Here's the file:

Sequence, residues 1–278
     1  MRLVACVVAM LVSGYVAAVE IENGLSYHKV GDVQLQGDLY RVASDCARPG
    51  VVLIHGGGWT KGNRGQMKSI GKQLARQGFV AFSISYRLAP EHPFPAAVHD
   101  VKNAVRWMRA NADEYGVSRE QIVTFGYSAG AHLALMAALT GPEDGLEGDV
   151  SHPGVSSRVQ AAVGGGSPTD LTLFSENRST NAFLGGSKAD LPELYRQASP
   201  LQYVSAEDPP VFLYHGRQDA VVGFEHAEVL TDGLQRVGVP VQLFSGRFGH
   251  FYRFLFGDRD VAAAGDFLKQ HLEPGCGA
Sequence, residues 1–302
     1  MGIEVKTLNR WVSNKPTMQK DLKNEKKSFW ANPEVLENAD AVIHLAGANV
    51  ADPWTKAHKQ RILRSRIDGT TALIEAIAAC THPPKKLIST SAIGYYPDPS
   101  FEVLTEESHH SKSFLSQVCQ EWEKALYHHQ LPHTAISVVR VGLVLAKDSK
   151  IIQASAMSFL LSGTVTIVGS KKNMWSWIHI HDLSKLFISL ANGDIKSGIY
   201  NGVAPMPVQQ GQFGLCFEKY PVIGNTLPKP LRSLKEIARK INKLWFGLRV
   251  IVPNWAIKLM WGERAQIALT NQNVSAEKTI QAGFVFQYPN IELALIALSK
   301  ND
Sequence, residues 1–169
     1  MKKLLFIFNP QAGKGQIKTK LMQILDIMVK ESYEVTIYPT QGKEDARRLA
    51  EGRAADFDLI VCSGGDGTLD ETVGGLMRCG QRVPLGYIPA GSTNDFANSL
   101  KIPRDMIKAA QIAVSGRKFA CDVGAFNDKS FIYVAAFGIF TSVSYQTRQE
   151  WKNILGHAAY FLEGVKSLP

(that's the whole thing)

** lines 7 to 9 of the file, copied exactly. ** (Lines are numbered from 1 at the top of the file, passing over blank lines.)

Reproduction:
   251  FYRFLFGDRD VAAAGDFLKQ HLEPGCGA
Sequence, residues 1–302
     1  MGIEVKTLNR WVSNKPTMQK DLKNEKKSFW ANPEVLENAD AVIHLAGANV